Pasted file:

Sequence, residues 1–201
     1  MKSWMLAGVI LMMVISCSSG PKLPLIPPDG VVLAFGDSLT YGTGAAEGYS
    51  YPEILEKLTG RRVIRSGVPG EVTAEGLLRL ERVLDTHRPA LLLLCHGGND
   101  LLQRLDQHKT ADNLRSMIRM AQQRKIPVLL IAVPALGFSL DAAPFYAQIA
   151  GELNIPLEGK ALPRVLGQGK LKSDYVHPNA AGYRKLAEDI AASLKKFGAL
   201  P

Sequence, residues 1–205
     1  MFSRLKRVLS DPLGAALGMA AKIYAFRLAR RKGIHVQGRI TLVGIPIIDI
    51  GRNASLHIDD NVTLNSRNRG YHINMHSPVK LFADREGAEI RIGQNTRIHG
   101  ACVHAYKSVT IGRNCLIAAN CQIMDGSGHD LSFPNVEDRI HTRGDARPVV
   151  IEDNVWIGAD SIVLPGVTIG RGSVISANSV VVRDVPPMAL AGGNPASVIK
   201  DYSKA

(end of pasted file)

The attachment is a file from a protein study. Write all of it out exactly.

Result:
Sequence, residues 1–201
     1  MKSWMLAGVI LMMVISCSSG PKLPLIPPDG VVLAFGDSLT YGTGAAEGYS
    51  YPEILEKLTG RRVIRSGVPG EVTAEGLLRL ERVLDTHRPA LLLLCHGGND
   101  LLQRLDQHKT ADNLRSMIRM AQQRKIPVLL IAVPALGFSL DAAPFYAQIA
   151  GELNIPLEGK ALPRVLGQGK LKSDYVHPNA AGYRKLAEDI AASLKKFGAL
   201  P

Sequence, residues 1–205
     1  MFSRLKRVLS DPLGAALGMA AKIYAFRLAR RKGIHVQGRI TLVGIPIIDI
    51  GRNASLHIDD NVTLNSRNRG YHINMHSPVK LFADREGAEI RIGQNTRIHG
   101  ACVHAYKSVT IGRNCLIAAN CQIMDGSGHD LSFPNVEDRI HTRGDARPVV
   151  IEDNVWIGAD SIVLPGVTIG RGSVISANSV VVRDVPPMAL AGGNPASVIK
   201  DYSKA